The Last Climb: Mount Katahdin
Well, today was it. It’s a little strange, given that six months has led up to this last climb, but I’m oddly reluctant to talk about it. It’s one of my traits that the more important something is to me, the less I want to talk about it to other people. I just want to keep it special inside of me. But you’ve all been reading along this far, so I’m not going to let you down here, I’ll do my best.
The weather really was bad, but it didn’t matter. I woke up at about five to get an early start, figuring the rain would slow me down a fair amount, and went to get my food bag from the bear cables…only to discover that here, on the last day, a mouse got it. There were holes chewed through it and half my food supply for the last day and a half was ruined. I shrugged and grumbled a bit and got used to the idea that I’d be eating a lot of peanut butter tortillas today, and ate about half the breakfast I was planning on eating. Not a good way to start a tough climb.
Visibility was low on the mountain, and because I didn’t get much to eat this morning, it was tougher than it should have been, although not having my pack helped. This is the only time I’ve slack-packed on this journey, and it feels weird. Climbing up Mount Katahdin was almost silent the whole way. The thick clouds muffled noise, and it wasn’t hard to imagine that I’d become stuck somewhere between the physical world and the spirit one.
It was a ghost world up there. I did get lost in a way…I never lost the trail but I did wander inside my own head while I climbed. I was reliving all the emotions I felt the whole hike, all the happiness, the pain, the sadness, the effervescent sense of achievement, the boredom, the love, all of it. I was thinking of all my friends who weren’t there. I was also deeply inside my own muscles, feeling how much I have changed, and I know that it’s not just physical. Anyone who says I’m not tough enough, or strong enough, or thinks I’m not capable of incredible things, is going to find out that they have underestimated me and I will never let those people direct my life or the direction I choose to go from here on out.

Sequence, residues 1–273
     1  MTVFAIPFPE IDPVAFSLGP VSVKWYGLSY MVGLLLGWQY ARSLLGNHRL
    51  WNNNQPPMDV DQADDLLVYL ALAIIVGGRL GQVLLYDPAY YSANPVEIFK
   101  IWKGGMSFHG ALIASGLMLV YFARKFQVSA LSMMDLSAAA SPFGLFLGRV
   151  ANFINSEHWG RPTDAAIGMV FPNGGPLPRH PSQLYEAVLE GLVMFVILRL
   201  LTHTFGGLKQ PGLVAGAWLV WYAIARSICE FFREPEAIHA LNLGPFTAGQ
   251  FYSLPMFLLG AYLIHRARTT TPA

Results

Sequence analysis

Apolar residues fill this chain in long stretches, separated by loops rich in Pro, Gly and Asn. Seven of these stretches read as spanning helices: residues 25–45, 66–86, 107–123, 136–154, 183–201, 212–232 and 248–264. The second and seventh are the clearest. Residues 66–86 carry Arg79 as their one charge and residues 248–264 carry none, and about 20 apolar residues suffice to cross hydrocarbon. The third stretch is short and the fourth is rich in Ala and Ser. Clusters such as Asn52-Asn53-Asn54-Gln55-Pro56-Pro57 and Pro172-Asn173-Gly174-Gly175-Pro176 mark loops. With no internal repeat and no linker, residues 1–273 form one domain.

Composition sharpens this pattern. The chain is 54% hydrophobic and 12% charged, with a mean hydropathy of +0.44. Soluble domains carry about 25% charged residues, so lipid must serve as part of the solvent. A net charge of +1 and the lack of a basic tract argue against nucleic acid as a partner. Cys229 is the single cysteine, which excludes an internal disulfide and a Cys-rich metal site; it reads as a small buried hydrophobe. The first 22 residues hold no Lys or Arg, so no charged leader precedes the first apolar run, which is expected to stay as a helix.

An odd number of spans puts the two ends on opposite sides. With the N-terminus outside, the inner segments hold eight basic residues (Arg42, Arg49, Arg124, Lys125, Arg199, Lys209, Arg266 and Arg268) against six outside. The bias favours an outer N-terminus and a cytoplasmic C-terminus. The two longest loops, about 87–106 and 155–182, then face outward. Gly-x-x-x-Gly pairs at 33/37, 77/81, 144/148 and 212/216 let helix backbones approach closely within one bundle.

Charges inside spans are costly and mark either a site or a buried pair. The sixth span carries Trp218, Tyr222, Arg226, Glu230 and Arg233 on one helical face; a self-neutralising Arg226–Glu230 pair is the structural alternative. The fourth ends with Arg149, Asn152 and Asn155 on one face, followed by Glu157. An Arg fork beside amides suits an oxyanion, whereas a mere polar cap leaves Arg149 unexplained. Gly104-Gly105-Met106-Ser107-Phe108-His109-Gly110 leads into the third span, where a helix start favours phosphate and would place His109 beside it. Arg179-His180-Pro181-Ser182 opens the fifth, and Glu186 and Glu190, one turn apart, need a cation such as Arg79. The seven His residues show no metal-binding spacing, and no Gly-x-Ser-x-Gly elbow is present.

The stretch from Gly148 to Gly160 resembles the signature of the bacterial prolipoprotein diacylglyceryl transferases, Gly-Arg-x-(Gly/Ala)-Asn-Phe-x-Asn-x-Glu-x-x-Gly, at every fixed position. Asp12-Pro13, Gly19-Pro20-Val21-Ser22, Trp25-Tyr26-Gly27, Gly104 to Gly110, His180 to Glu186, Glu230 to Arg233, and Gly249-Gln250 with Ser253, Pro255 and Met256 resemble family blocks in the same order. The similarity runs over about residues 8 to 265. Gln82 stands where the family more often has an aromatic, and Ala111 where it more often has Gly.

When I reached the summit, I was basically sitting inside a rain cloud. I couldn’t see a thing. I didn’t get a summit photo with the sign. But I did manage this video before the moisture in the air actually drowned my phone, so now that my phone has dried out in a rice bed and I could recover the data on it, here you are.
It felt great, being up there, but whoooooo coming down the Hunt Trail was a little scary, so I’m really glad I didn’t try Knife’s Edge or anything. The wind picked up hard as I came down, so that at times all I could do was stand still and lean into the wind to keep from blowing right over. And my emotions sort of flatlined on the way down. I encountered a couple walking towards the waterfall and they were really excited for me, but all I could manage was a “yep,” and I’m pretty sure I was a little dead around the eyes. It’s not that I didn’t appreciate it, but I had felt a lot and suddenly it was too much and I basically shut it off.
The rangers were really, really kind to me, and let me stay at The Birches a second night because it was the last day of the season and they didn’t think the shelters would get full at all. And as I sat in my sleeping bag, drinking tea, and looking down at the rain coming down, completely alone, I sort of wished that there would be someone else there. I didn’t want to admit it but I had hoped I would finish with my friends and it absolutely sucked that I hadn’t. This wasn’t how I wanted to end my hike, but there was nothing for it so I crawled into my sleeping bag.